But let’s first, let’s first start I mean, the question the farmer is talking about a good price that he was asked to pay $175 and maybe wants to offer $150. And he’s not sure if corn is going to be profitable next year. My advice there would just be, start by trying to build some budget to try to understand the cost of production, your revenue is five times yield. So if you can expect 170 bushels or something in that ballpark at $3.50, maybe as an average price for corn and you’ve got $600 of revenues, it might be more than that, depending on the region you’re you are or less than that, then I would focus on the cash, the operating costs, seeds, fertilizer chemicals, the fuel drying costs all those things, mostly because the farmer here is mentioning that they have their fixed costs, mostly covered their machinery can handle that. So in the short term, like just for the next year, does it make sense you know what the maximum rent that you could pay, you’d have to take your yield times your price minus those operating costs. So if you end up and then when you take your price minus your yield, times your yield minus your cost, if you end up with $250 as kind of your margin there, you have to keep in mind that that $250 is what you have to pay rent, to pay labor, and eventually also to cover some of the machinery depreciation on that or replacement for machinery in the long term.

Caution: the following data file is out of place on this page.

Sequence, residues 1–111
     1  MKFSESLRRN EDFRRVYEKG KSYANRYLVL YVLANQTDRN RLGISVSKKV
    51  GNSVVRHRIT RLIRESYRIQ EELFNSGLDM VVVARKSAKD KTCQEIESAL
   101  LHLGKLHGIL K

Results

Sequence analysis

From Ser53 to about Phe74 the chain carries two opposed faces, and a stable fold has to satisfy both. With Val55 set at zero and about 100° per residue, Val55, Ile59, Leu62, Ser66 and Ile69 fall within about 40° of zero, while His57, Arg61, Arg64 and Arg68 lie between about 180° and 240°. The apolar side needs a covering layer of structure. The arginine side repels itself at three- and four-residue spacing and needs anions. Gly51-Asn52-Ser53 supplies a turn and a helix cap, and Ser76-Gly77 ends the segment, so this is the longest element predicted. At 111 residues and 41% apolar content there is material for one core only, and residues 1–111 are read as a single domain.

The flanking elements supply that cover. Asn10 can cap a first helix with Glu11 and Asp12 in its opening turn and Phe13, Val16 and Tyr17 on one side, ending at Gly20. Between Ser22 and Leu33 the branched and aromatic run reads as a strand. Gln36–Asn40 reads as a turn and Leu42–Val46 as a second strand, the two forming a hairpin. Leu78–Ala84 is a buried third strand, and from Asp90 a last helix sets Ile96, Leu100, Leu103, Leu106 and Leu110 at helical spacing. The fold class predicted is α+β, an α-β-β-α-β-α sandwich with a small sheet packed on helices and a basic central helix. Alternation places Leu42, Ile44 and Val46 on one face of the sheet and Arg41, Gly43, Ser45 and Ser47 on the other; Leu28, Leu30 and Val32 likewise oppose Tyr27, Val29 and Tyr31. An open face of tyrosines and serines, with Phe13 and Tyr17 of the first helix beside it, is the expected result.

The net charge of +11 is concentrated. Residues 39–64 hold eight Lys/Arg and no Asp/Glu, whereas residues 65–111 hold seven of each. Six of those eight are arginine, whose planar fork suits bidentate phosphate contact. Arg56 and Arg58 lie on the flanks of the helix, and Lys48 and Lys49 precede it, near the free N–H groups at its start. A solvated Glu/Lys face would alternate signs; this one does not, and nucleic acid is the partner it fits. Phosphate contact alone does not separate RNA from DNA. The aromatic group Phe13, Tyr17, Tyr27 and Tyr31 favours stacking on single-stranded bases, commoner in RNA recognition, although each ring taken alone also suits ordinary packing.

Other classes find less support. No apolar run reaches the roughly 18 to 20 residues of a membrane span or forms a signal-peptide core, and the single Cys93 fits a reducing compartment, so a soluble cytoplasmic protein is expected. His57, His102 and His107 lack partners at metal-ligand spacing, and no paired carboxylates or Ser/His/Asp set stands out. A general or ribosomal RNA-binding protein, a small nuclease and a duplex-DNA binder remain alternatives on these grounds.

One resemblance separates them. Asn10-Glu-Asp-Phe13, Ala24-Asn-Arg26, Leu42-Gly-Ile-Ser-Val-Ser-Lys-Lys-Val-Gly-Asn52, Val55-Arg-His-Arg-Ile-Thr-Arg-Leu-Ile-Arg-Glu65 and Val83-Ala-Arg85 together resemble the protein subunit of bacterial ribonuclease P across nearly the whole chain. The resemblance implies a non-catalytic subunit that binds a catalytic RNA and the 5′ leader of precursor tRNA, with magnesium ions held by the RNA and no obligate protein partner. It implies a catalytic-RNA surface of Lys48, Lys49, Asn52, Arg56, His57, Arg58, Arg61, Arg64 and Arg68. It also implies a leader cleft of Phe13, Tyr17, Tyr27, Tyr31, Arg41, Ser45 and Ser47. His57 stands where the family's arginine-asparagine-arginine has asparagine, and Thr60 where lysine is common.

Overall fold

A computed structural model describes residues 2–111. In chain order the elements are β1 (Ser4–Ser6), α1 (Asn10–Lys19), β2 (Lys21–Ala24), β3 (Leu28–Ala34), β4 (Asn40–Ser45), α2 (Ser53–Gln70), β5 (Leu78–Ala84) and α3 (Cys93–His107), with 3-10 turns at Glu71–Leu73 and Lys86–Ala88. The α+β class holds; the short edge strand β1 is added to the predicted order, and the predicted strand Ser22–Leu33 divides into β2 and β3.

So how do you want to allocate that $250 that you’ve got as a margin? How much do you need to cover for your labor? Is it 75 bucks? Is it 100 bucks per acre? That would be up to you to decide. And then and then you get your number for what you can allocate for your rent. There’s going to be a risk involved, obviously, but that’s part of doing business. And I think all farmers know that. And it’s, it’s a matter of, it’s a matter of saying like, how would you use that corn? Are you going to sell all of that? Are you going to be using some of that for your herd? You know, and what kind of price you could lock in for that. But that’s kind of the exercise that I would do here. One thing about, you know, offering $150 per acre, I’m going back to the strategic aspect of it is that if you think, if you think that you want, you need that land for maintaining the viability of the farm in the long term, potential expansion plan. How hard do you want to be on the negotiation here with that neighbor? How much you want to try to build the relationship to maybe have to have an advantage, if that land ever comes to sell, to be sold in the next, you know, four or five years, that might be something to think about.